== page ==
I could also appreciate that despite being LGBTQ, the book did not necessarily focus on the fact that many of the characters were gay, bi, or lesbian. It mentioned it and we followed some romances closer than others, but it wasn’t given extra attention. It was kind of just worked in and taken as normal without going through the drama of coming out or struggling to accept oneself. Not to say that those things are bad in a book, but I’m glad that this one just lets you enjoy the characters for who they were and focused on the social injustice instead.
Another great aspect of the book was the community and family support shown throughout. I liked that all of the mothers in the book came together and supported one another. They were always coming over to help one another make dinner, to take care of the children, to share updates with one another, and just to show a united front. Most of the parents were very open with their children. There was trust among the family, love, acceptance. Plus, later on we get to see the community coming together as well to support Moss and the other students in their fight against injustice.
❝ ” […] And that’s the problem you can’t see. To you, it’s an answer, but to us, it’s a question that never existed in the first place.” ❞
Although there are many characters to focus on I think the most important relationship in the story was between Moss and Esperanza. They were best friends and so they shared pretty much everything, but you could tell that her upbringing did put some distance between them because Esperanza couldn’t really understand what Moss and his family/community experienced. She could hear about it from him, but she had an outsider’s point of view and so it didn’t feel like she really understood him. It was easy for her to say that they should stand up for themselves or protest because she didn’t seem to understand the constant state of fear and injustice that the rest of them experienced. This was something that frustrated Moss. And when she eventually understands, it’s kind of this… heartbreaking moment because yes, she gets it, but it’s a hard lesson to learn and one you kind of wish she never had to go through.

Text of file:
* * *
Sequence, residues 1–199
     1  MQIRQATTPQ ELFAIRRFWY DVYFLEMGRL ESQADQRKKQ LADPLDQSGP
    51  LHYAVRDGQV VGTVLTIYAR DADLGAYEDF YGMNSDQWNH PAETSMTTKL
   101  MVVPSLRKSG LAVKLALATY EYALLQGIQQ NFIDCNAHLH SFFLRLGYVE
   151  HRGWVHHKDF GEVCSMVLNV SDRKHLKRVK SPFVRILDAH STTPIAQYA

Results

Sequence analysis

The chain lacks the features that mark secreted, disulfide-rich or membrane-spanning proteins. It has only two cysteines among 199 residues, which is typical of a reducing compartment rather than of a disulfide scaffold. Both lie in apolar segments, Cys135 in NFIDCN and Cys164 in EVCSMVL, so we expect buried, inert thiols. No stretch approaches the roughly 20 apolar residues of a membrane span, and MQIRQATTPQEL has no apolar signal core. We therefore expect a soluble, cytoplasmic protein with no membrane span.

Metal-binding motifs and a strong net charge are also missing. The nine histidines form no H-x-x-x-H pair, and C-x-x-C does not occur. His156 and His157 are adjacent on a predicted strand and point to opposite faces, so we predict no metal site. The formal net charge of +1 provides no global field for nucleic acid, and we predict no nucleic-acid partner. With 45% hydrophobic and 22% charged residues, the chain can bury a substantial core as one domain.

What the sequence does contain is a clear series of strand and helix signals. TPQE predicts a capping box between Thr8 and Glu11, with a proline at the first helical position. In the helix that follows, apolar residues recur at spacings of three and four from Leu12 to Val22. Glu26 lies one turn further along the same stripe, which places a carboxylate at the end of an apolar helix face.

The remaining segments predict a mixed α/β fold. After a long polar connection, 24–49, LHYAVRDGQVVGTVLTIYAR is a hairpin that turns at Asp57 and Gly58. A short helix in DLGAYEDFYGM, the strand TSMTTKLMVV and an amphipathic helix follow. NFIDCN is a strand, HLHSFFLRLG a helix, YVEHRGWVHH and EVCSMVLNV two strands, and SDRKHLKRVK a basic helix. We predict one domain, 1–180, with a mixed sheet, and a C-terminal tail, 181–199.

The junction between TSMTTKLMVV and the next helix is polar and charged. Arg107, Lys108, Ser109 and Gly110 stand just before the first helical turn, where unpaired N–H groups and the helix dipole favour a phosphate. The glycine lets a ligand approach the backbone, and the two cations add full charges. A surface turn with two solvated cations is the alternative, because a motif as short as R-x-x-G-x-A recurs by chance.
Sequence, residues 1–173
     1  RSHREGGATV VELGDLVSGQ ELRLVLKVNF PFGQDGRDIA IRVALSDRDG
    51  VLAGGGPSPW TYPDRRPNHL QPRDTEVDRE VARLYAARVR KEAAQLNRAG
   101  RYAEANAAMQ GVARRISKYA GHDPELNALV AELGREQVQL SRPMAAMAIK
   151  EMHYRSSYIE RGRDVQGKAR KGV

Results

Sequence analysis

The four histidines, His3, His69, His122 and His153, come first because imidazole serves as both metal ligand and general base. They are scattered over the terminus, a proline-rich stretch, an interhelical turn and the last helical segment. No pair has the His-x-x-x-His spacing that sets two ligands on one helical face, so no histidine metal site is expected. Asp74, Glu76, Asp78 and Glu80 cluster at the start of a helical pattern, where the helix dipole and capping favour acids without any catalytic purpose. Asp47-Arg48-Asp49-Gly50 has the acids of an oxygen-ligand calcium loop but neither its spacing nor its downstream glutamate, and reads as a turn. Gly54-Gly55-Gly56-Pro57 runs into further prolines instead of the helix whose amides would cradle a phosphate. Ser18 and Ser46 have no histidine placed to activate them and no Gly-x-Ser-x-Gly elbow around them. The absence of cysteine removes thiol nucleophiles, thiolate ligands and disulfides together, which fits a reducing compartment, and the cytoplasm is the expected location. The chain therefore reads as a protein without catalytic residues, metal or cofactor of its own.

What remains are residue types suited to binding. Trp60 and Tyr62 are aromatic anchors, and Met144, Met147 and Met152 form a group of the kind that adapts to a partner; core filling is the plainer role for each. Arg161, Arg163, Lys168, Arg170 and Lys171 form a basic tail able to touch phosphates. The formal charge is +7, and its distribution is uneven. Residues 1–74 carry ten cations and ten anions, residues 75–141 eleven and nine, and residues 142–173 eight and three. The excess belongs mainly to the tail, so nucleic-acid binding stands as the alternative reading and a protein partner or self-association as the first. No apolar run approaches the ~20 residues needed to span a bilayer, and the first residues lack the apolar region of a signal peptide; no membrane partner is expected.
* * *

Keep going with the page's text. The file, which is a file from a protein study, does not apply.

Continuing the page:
Esperanza isn’t the only one who goes through some growth in this book. We see Moss go from someone who’s a little insecure and kind of plays it safe to someone who is more confident, passionate, and willing to fight injustice. Although… this change is kind of like climbing a hill in a way. He starts at the bottom, reaches a high point… and then the ending happens.
The ending was just so… bittersweet. All of the tragedy and suffering comes together to a single powerful moment where Moss realizes just how much of an influence a single person standing up against the Oakland PD can have, but the book takes a turn and then… well, things happen. The ending seems like a win, but it’s such a small one when you think of everything that’s happened–and Moss realizes it too. It had a tired kind of feeling to it and it just… wow. I just had to finish the last page and sit there to kind of process all of it.
This is definitely one of those books that will light a fire in you and make you want to fight back, but it also has that last punch that takes your breath away.
Anger is a Gift was just released May 22nd so go pick up a copy, I highly recommend it!